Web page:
Roja opens like a pulsating thriller, with Indian soldiers with sniffer dogs charging into a forest. A reimagining of Mahabharata’s Savitri and Satyavan fable, the movie soon finds a way to send its Savitri into the forest and put her through trial and tribulations. Like Savitri, she will clash with the God Yama to bring her husband back. Set in Kashmir, the later section of the film is also inspired by a real-life kidnapping incident against the backdrop of terrorism and shows Ratnam’s commitment to examine political developments of the day. If 1995’s Bombay was about the communal riots in a city that Ratnam always thought was the cosmopolitan heart of India, then Roja was his response to the rising insurgency in Kashmir. Roja was probably one of the first mainstream films to deal with the Kashmir conflict. Before Maachis. Before Haider. Before Shahid Kapur gave voice to the Kashmiri angst in Haider, it was his father who played a terrorist and openly demanded ‘azaadi.’ In Roja, Kapur’s Liaqat abducts Rishikumar, a cryptologist and computer engineer sent on a mission to Kashmir. A demand is promptly made to release a dreaded terrorist from Kashmiri police custody in exchange of Rishikumar.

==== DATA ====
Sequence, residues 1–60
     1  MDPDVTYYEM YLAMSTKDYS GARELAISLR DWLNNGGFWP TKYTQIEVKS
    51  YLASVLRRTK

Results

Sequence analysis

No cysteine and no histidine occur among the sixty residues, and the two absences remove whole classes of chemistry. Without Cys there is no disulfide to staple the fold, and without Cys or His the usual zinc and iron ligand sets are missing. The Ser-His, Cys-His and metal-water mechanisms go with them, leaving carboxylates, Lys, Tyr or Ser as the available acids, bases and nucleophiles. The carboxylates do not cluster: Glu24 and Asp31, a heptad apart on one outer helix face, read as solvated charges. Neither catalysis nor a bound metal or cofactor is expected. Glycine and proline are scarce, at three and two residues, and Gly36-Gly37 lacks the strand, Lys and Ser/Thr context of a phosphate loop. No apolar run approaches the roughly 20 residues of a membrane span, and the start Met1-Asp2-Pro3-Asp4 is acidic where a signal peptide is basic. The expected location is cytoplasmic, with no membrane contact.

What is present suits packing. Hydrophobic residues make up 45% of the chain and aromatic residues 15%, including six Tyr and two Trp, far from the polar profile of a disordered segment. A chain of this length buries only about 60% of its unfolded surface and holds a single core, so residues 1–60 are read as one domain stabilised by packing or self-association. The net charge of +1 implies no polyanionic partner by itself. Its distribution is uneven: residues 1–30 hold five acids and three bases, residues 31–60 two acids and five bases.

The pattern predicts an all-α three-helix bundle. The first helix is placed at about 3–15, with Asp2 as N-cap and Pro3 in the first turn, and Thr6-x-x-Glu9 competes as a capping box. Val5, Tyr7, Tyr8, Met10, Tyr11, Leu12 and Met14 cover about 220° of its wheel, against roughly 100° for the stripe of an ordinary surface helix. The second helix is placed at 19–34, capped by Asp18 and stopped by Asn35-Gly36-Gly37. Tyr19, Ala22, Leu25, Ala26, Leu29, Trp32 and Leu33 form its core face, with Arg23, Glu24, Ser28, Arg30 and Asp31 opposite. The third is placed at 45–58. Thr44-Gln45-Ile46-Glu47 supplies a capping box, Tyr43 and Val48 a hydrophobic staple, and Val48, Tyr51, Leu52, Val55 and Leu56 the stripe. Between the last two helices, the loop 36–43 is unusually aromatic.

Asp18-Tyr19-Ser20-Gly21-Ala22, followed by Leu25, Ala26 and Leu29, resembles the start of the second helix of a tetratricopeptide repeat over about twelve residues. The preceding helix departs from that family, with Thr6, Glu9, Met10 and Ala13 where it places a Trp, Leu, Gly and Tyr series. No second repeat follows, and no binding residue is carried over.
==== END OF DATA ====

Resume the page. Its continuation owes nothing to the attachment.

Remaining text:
Both Rishikumar and Roja are anomalies in the Valley, the unsuspecting Tamilians in Kashmir. Poor Roja, especially, is lost. There’s both horror and humour in a scene when Roja breaks a coconut at a temple on her first morning in Kashmir — trying to convince the “North Indian god” to talk to her “South Indian” counterpart so that the deity can forgive Roja’s earlier transgressions — and suddenly finds herself hemmed in by gun-toting armed forces guarding the area. This remarkable scene best encapsulates Kashmir’s militarisation and the presence of security cover to counter it and how the gun and bomb blasts became a part of the average Kashmiri’s daily ritual. The rest of the film revolves around Roja’s attempt to find her kidnapped husband and though Roja glosses over the grave Kashmir crisis (like Liaqat’s change of heart thanks to Rishikumar’s relentless speechifying and proselytising), it is still commendable that a mainstream Tamil/Hindi film mustered the courage to take up the cudgels.